Skip to content

Attention Wal-Mart Shoppers…

3 August 2007

… now we know how they undersell local merchants. They stiff their bagboys.

In a country where nearly half of the population scrapes by on less than $4 a day, any income source is welcome in millions of households, even if it hinges on the goodwill of a tipping customer. And Wal-Mart did not invent the bagger program that, as a written statement from the company notes, pre-dates the firm’s arrival in Mexico, nor is it alone within the country’s retail sector in benefiting from the toil of unpaid adolescents. But in Mexico City, for example, the 4,300 teenagers who work in Wal-Mart’s retail stores free of charge dwarf similar numbers laboring unpaid for Mexican competitors like Comercial Mexicana (715) and Gigante (427). Although Wal-Mart’s worldwide code of ethics expressly forbids any “associate” from working without compensation, the company’s Mexican subsidiary asserts that the grocery baggers “cannot be considered workers.”

I won’t say it’s an organized “plot”, but there are comments in every posting to this story to the effect that “it gives the children a safe environment and an exposure to the working world that they wouldn’t get otherwise…” or a variation on the same, usually from someone who knows because “I live 3 months of the year in Puerto Vallerta and…”.

There are couple of problems with the happy rationales. Where you do have kids working for tips, it’s where the kid is part of the ownership circle — the son or nephew or cousin of the small merchant running an entrepreneural enterprise.

Usually, in neighborhood markets, that are owned by chains, the bagger is the check-out clerks kid, who gets the change, or at least a few pesos. Often the bagger is the checker’s kid, who is doing his homework or goofing off with the stock-boy when not bagging.

Secondly, if the kid is old enough to legally work, he or she is supposed to be paid. It doesn’t matter if they’re “associates” or not… if WalMart expects them to be at a certain place, they are at “asociados” under Mexican labor law, and have to receive the daily minimum (about 5 dollars), even if they only work an hour or two. I had a student who was the head of the law department of a major Mexican bank, who wanted me to come in and help out on some on-going translation, but we made other arrangements because of this regulation.

And, my observation is that WalMart does consider the baggers to be employees. They were always wearing the WalMart red vest and had a regular station within the store.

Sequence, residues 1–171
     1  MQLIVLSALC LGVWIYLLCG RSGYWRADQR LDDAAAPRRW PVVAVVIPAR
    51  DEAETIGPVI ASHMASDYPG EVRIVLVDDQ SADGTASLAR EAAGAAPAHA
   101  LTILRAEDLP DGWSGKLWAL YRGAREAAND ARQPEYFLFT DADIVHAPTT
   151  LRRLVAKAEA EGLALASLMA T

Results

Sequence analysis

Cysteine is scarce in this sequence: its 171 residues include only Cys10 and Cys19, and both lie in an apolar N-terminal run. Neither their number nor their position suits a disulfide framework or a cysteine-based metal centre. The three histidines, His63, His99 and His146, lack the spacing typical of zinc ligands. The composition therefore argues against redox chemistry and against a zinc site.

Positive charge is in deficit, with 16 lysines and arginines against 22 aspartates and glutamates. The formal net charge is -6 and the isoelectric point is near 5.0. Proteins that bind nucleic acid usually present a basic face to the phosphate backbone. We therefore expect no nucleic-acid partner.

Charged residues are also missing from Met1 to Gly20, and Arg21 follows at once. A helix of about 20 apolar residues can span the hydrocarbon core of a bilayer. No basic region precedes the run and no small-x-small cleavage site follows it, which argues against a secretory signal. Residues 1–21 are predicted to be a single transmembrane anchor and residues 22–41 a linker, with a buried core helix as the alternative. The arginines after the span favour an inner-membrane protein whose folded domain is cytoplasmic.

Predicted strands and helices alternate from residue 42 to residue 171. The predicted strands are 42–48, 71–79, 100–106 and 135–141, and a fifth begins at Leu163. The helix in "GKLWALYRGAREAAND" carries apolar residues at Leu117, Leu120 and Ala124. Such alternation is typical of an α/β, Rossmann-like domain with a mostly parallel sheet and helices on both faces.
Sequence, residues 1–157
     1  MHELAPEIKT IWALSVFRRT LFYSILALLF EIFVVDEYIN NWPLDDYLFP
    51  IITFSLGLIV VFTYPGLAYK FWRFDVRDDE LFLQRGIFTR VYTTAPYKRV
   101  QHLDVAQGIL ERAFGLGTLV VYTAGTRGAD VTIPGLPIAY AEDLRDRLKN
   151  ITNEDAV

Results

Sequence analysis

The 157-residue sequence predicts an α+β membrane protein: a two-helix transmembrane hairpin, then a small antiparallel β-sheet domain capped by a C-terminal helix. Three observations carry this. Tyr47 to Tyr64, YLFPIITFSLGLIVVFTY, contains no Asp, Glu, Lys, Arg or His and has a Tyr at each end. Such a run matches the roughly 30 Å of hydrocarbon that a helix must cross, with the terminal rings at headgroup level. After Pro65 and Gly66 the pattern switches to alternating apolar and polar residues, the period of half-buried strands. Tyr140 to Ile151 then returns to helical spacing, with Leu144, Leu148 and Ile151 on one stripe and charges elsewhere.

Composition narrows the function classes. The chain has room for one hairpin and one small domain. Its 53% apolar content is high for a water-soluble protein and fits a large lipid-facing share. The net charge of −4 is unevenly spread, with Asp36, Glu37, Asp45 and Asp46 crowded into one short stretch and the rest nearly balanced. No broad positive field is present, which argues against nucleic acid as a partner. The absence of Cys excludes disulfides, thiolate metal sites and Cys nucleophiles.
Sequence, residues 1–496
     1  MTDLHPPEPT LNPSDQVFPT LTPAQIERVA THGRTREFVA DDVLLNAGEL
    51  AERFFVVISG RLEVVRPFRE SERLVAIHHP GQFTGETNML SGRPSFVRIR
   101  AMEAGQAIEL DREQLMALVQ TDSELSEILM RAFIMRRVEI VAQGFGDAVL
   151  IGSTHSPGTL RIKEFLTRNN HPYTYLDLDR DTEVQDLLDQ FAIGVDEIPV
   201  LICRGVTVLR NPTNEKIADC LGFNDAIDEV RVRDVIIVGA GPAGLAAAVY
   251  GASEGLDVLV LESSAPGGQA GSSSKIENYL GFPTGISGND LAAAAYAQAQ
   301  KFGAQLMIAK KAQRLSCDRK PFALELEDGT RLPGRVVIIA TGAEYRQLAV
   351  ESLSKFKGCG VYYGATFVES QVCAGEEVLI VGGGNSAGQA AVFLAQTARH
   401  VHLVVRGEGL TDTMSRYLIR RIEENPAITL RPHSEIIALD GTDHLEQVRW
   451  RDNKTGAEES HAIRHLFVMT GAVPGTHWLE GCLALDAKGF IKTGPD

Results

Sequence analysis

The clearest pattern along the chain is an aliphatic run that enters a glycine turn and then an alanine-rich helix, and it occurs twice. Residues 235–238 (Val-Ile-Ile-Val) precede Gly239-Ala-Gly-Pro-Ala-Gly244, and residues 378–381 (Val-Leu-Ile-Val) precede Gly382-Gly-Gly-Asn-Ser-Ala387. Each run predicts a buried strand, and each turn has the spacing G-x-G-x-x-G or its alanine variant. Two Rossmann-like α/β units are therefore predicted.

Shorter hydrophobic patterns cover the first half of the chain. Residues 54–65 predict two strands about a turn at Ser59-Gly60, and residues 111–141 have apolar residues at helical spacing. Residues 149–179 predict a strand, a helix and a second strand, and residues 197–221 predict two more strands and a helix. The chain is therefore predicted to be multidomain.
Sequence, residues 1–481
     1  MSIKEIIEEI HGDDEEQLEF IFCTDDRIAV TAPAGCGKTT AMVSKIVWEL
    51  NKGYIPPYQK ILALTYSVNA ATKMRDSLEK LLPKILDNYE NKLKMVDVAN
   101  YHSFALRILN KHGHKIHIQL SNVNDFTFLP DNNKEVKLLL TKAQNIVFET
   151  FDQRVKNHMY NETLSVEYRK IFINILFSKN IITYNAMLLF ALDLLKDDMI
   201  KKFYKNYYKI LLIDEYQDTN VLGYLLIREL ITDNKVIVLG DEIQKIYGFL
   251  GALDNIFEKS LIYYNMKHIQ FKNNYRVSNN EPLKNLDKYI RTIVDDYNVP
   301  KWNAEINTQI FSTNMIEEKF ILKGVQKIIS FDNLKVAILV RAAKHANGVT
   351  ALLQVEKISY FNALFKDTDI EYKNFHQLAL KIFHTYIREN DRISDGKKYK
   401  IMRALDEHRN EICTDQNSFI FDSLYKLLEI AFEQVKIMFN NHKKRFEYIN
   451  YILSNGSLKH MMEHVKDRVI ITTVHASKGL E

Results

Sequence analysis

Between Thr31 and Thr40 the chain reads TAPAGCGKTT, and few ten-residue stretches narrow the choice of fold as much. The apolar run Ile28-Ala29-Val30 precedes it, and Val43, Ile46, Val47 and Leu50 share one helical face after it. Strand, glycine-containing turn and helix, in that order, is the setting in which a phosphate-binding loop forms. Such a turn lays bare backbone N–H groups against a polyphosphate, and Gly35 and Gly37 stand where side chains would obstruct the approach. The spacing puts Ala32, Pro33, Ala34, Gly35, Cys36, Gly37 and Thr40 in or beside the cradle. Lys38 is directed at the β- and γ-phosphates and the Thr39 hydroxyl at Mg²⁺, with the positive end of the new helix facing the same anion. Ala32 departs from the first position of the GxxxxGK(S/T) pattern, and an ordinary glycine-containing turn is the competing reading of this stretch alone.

I think WalMart is bad in the long run for a lot of reasons (mom n’ pop stores clean the street every morning and act as the neighborhood watch — because they are part of the neighborhood; WalMarts don’t — they have employees, not people investing in the community), but this is just low.

WalMart and the rationalizers (must just be coincidence they all have the same story) are confusing baggers with beggars. And the bag boys I’ve seen in WalMart aren’t slugs… goofy teenagers, sure, but ones who know what a sindicato is… or have an uncle who is a labor lawyer, or an aunt whose comadre is active in the PRD, or….

BAGBOYS UNITE! YOU HAVE NOTHING TO LOSE BUT — ah hell, if WalMart claims they’re not “associates” and doesn’t pay them squat now, they just have nothing to lose.

10 Comments leave one →
  1. 3 August 2007 10:22 am

    I agree, but yet I disagree. There’s no difference between Wal-Mart and the other superstores except the numbers (and, after all, Wal-Mart is the biggest). Why aren’t you castigating Gigante, Ley, Comercial Mexicana, Soriana, and all the others?

    From what I’ve seen, after nearly 10 years here in México, those bagboys (and girls!) earn a hell of a lot more in tips than the minimum wage! That means they have a LOT to lose if there’s a huelga (strike) or their jobs go away. And their jobs WOULD go away, since most of them are below the age of legal employment.

    I don’t know this answer to this conundrum. It’s NOT “exploitation” by Wal-Mart, or if it is, then every superstore in México is equally guilty.

  2. 3 August 2007 11:58 am

    I’ve heard the same response from a ton of Mexicans. It is true that the same situation exists at all the other stores, and it is equally wrong at all of them too.

    One thing thing about which many Mexicans seem equally baffled is that among the truly great things in US history was the 1937 Labor Relations Act and the robust labor movement that followed. As much as I love Mexico, the PRI, in co-opting the Unions has left them, arguably, in even worse shape than the AFL-CIO.

  3. 3 August 2007 1:39 pm

    Shalom Y’all,

    As one of those rationalizers, long-time Wal-Mart opponent and founding blogger of The Writing On The Wal, I have a few questions:

    Were the baggers an issue before Wal-Mart?